NaNoWriMo 2007: Drawing Back the Curtain, Part 2 – Characters

How Not To Grow A Beard: Day 04
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Though the cast of my novel-in-progress is incomplete (Emma didn’t have a name, a personality or defined relationship with any of the characters but Bannister Proulx until this afternoon), I thought it might be interesting to take a look at the cast so far. The only character who had a name (or even a role) before I began writing is Bannister Proulx, and although he is mentioned by name in the first line I wrote, he does not appear until three or four scenes later. Some of the details about these characters could be considered spoilers.

Bannister Proulx is a detective who is respected for his ability to bring a fresh, if somewhat unusual perspective to cases that have proven troublesome for the Cleveland police. Proulx has only resided in the city for a handful of years, and details about his life prior taking residence at Number Eleven Wilmonton Boulevard are few and far between. I tend to think of Proulx as a hybrid of Sherlock Holmes and Fox Mulder (or perhaps Carl Kolchak); although he uses observation, logic and deductive reasoning to solve crimes, he is no stranger to mysticism, the occult and the supernatural. In addition to being a professional detective, Bannister is an amateur magician; he is particularly fond of so-called parlor tricks and quite adept at sleight-of-hand.

Proulx is the only character whose name I don’t plan on changing at some point. Most, if not all of the remaining characters have placeholder names while I’m writing the first draft.

Chief Inspector Timothy Remington ((For the moment, I’m utilizing the British system of police ranks, which may or may not have been used in Cleveland in the mid-nineteenth century. I don’t really plan on changing this; if I discover that it wasn’t common to use the British ranks, I’ll chalk it up to artistic license. It is possible that Remington’s rank may change in future drafts.)) is investigating a series of murders when the novel begins. He has enlisted the aid of Bannister Proulx in the hopes of solving the homicides before the killer strikes again. In the two years since Proulx arrived in Cleveland, Remington has employed the detective as a consultant on a number of investigations, each time with very good results.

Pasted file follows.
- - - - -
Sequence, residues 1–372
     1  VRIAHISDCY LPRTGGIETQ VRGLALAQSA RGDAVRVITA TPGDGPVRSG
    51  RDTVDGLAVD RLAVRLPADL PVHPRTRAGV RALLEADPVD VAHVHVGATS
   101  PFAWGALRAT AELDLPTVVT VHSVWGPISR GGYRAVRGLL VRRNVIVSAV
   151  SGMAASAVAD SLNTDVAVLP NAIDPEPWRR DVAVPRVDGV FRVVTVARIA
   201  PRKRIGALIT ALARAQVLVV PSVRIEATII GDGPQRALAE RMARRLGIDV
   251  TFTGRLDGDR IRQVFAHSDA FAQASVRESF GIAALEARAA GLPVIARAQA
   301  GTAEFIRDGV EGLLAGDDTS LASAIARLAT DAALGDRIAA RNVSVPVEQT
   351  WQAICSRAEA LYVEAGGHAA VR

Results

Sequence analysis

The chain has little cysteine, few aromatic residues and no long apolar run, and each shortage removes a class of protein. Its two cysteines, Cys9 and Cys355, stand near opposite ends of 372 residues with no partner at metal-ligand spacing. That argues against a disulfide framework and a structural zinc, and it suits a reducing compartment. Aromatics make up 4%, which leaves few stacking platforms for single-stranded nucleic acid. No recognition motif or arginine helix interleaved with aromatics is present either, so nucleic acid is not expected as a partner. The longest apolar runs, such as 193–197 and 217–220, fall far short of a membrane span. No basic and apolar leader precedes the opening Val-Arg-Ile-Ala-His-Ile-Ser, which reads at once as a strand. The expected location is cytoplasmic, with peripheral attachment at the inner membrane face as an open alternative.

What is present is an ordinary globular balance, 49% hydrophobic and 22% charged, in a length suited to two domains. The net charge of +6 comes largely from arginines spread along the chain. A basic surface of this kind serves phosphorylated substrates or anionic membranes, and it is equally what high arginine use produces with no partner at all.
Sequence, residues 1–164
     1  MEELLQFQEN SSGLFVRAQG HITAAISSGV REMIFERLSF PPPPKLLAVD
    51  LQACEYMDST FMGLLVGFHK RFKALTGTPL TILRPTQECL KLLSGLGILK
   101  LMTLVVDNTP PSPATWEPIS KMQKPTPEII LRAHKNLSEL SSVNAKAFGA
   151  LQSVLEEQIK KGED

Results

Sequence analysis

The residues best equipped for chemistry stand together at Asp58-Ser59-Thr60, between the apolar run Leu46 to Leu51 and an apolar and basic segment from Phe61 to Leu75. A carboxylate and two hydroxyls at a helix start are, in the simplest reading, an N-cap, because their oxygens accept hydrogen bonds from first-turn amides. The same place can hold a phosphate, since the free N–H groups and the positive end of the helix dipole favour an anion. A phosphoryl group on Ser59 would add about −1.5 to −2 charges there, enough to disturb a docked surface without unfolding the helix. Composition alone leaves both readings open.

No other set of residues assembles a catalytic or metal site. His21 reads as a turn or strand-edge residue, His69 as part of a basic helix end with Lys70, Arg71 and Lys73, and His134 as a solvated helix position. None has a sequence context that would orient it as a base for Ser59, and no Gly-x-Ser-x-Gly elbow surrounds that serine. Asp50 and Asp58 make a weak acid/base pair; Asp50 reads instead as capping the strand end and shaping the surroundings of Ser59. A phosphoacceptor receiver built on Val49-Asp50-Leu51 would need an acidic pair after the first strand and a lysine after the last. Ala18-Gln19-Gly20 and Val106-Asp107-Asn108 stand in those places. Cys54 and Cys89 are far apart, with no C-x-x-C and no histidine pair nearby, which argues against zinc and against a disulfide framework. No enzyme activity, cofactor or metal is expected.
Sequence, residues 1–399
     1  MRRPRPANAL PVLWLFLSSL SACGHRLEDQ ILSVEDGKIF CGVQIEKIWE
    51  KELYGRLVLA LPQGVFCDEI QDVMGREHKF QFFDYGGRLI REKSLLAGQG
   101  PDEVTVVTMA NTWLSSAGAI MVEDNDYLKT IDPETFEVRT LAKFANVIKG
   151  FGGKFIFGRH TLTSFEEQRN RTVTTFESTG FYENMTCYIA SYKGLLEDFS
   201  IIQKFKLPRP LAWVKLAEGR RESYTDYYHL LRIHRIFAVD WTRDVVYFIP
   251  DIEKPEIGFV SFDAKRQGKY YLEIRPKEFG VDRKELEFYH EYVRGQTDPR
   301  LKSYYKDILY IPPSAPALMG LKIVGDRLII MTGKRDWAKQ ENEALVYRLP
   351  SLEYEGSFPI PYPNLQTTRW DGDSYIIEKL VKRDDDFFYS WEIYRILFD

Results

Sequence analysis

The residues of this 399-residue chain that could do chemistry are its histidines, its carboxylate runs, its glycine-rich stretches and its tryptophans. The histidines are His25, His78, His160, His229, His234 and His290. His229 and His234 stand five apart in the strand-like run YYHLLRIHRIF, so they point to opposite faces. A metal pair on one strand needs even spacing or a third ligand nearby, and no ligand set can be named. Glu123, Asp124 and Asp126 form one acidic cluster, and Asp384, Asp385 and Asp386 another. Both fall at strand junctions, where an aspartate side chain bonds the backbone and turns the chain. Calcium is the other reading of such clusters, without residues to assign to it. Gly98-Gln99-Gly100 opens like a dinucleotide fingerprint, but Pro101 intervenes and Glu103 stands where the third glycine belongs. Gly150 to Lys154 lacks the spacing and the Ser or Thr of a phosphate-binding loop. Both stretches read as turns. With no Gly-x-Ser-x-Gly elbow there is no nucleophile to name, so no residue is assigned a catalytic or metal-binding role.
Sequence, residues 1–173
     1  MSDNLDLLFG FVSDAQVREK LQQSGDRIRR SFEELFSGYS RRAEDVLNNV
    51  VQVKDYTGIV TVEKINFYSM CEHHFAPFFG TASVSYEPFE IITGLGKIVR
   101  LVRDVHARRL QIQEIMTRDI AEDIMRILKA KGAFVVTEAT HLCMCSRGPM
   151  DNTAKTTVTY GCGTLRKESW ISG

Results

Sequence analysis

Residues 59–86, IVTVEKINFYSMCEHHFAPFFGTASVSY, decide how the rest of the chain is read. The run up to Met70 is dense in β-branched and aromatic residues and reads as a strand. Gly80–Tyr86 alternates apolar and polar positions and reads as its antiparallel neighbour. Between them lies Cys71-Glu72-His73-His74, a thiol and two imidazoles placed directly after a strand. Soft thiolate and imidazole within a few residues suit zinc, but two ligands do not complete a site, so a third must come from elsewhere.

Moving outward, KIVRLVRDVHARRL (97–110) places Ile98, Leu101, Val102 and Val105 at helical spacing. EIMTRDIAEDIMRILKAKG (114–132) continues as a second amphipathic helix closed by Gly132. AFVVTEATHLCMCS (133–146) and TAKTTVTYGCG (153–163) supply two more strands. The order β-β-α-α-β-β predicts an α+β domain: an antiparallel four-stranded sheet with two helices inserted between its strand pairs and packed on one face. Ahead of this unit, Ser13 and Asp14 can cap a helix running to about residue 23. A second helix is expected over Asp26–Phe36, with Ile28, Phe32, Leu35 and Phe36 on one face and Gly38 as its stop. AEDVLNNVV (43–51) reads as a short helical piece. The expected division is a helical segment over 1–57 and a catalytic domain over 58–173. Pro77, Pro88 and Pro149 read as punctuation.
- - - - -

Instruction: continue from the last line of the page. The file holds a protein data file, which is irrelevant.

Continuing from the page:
Sergeant Michael Shaughnessey is a friend and subordinate of Chief Inspector Remington.

Thaddeus von Braunhoffen III is the newly-elected mayor of Cleveland. A man of considerable appetites and questionable allegiences, von Braunhoffer gained the office of the mayor under what many feel were extremely dubious circumstances. The mayor has recently begun pressuring the police to discontinue using Bannister Proulx as a consultant on murder investigations.

Emma Caldwell is Bannister Proulx’s assistant, protégé and partner. Someone (and I’m afraid I don’t recall who at the moment; probably Mick Bradley) requested that the “Scully” to my “Mulder” be a red-headed woman, so that’s how I’m writing her. I haven’t really decided whether she’ll be the skeptic or whether she’ll be as fascinated by all things supernatural as Proulx is. In an interesting development, it does seem that something about Miss Caldwell agitates Chief Inspector Remington, and not in an entirely unpleasant manner.